CleanSlate Blog

Battle Against Opioid Epidemic in Kenosha County, Wisconsin Gets More Reinforcements with CleanSlate’s New Center for Medication-Assisted Treatment

by Michael Petersen | Apr 2, 2019

The opioid epidemic has been keenly felt in Kenosha County, Wisconsin, which ranks first out of 72 state counties for heroin-related deaths and hospital encounters involving heroin. After Milwaukee, Kenosha is the city with the next highest opiate deaths per capita in the state, with a 388% increase in overdose deaths in 2017 over the previous eight years.

But as with so many areas around the country, addiction treatment resources are scarce in Kenosha County. This is especially true when it comes to high-quality outpatient services for medication-assisted treatment (MAT).

Staff (1)

CleanSlate Outpatient Addiction Medicine is addressing this deficit by opening a second MAT center in the area, located at 7201 Green Bay Road, Suite D, where staff began seeing patients last week. CleanSlate participates in-network with most Medicaid and commercial providers in the state of Wisconsin so that patients can be treated with minimal or no financial burden.

“Kenosha County leaders have been doing important work to battle the opioid epidemic, and CleanSlate is supporting this fight,” said Anthony Belott, Chief Development Officer of CleanSlate. “Increasing access to MAT services in Kenosha will help us save more lives.”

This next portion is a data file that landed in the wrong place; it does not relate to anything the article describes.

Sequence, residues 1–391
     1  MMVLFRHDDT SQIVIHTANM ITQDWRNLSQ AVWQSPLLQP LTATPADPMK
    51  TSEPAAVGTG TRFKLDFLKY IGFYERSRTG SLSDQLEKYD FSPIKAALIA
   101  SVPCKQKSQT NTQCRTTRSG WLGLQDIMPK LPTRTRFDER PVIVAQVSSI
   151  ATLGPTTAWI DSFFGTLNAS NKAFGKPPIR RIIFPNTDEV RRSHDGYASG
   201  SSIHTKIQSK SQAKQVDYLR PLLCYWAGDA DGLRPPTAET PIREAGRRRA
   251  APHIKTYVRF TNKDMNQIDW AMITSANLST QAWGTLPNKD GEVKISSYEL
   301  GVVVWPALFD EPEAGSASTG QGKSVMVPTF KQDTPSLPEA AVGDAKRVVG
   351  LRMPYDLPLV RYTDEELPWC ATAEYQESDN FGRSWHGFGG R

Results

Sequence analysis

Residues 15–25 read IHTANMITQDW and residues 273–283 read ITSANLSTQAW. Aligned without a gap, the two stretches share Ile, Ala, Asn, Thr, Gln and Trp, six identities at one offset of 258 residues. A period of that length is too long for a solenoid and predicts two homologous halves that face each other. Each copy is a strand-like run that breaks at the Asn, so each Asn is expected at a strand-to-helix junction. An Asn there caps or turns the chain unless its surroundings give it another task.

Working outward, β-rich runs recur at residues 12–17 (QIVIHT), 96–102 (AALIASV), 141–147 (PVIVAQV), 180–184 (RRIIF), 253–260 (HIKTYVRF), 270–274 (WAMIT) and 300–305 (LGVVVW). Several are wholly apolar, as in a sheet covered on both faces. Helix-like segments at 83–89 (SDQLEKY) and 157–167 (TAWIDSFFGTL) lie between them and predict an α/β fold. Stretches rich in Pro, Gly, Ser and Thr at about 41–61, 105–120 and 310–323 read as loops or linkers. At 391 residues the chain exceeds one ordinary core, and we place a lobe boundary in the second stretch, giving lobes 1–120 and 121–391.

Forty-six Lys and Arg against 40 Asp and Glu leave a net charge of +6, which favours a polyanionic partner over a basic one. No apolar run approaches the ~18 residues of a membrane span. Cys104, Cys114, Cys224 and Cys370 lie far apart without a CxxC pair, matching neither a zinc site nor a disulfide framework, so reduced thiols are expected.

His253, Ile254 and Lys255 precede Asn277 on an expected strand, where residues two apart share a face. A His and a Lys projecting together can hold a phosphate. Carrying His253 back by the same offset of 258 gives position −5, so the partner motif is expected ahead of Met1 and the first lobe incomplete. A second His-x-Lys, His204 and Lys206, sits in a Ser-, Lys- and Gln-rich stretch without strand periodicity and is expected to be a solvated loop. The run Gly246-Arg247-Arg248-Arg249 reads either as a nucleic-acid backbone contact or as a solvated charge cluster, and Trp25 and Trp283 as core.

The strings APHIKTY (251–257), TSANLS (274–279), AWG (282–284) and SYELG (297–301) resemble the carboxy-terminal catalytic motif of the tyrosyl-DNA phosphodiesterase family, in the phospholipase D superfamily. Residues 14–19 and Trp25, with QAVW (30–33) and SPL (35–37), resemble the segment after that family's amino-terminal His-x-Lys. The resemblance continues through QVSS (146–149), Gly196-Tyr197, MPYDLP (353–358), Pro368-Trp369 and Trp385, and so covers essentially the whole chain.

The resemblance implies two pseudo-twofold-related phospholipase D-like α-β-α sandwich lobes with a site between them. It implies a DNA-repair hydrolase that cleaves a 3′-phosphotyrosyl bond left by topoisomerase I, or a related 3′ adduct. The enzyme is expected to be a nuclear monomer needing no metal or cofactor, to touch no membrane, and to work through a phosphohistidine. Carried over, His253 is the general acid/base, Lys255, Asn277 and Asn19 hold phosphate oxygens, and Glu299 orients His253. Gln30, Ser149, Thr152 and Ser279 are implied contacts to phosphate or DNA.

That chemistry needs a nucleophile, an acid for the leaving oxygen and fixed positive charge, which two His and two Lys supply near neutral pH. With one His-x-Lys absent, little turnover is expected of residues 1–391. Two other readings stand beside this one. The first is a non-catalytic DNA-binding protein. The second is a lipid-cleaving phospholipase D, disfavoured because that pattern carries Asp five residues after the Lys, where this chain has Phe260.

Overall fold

(Pictured, CleanSlate staff, l-r: Katy Wallner, Medical Assistant; Sarah Howe, Nurse Practitioner; and Courtney Bain, Center Manager.)

Residents were driving long distances for treatment

This marks CleanSlate’s seventh center in Wisconsin, with more than 60 centers across the country. 

Last December, CleanSlate opened its first center in Kenosha County, located within the offices of Oakwood Clinical Associates, a behavioral consulting clinic which serves as a partner with CleanSlate in the Salem community. CleanSlate’s alliance with Oakwood Clinical Associates allows CleanSlate and Oakwood Clinical Associates to navigate patients through the continuum of care, helping people more easily access low-cost services they may need to achieve or maintain recovery.

“Before we opened an office in Kenosha, many residents were driving long distances to receive treatment at our centers in Racine and Milwaukee,” said Joan Erwin, CleanSlate's Senior Vice President of Expansion Operations. “The community has been grateful for our presence here, and expanding our services in Kenosha will help us meet the high demand for treatment.”    

Kenosha leaders confronting its opioid crisis, but need more support

Cleanslate Kenosha entranceKenosha County leaders have been working on multiple fronts to stem the tide of opioid overdoses that have hit their community.  The coordinated response has included increased treatment programs, education, and specialized diversion courts.

After receiving a $300,000 federal grant in 2017 via the CARA Act to combat the opioid epidemic, Kenosha County used those funds to create the Opioid Overdose Reduction Project. Through that grant, the county hired a team of peer specialists to follow up on overdoses and to provide short-term stabilization.